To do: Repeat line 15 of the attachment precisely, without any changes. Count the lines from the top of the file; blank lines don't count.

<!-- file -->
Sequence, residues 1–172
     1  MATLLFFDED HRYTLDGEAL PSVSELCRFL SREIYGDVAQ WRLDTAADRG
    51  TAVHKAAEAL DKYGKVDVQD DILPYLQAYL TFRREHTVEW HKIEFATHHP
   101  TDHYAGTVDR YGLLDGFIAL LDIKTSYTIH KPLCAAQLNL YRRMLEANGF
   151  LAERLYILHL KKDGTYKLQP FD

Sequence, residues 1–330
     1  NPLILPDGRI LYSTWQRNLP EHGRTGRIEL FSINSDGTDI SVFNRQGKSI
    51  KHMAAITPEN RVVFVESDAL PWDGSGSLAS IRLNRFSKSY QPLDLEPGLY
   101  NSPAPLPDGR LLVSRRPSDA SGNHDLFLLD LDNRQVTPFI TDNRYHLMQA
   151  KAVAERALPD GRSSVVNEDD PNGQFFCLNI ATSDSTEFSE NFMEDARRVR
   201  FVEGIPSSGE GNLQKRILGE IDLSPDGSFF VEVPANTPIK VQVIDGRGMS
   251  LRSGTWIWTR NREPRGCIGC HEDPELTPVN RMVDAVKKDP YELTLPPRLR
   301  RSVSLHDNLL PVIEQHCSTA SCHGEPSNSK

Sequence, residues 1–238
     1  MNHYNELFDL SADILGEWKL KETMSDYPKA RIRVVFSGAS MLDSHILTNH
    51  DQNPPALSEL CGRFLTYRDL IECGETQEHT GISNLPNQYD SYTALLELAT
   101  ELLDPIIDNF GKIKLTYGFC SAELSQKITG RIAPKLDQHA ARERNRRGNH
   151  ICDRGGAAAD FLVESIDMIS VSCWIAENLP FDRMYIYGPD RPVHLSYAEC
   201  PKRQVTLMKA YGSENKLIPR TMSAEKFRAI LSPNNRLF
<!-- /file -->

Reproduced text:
     1  MNHYNELFDL SADILGEWKL KETMSDYPKA RIRVVFSGAS MLDSHILTNH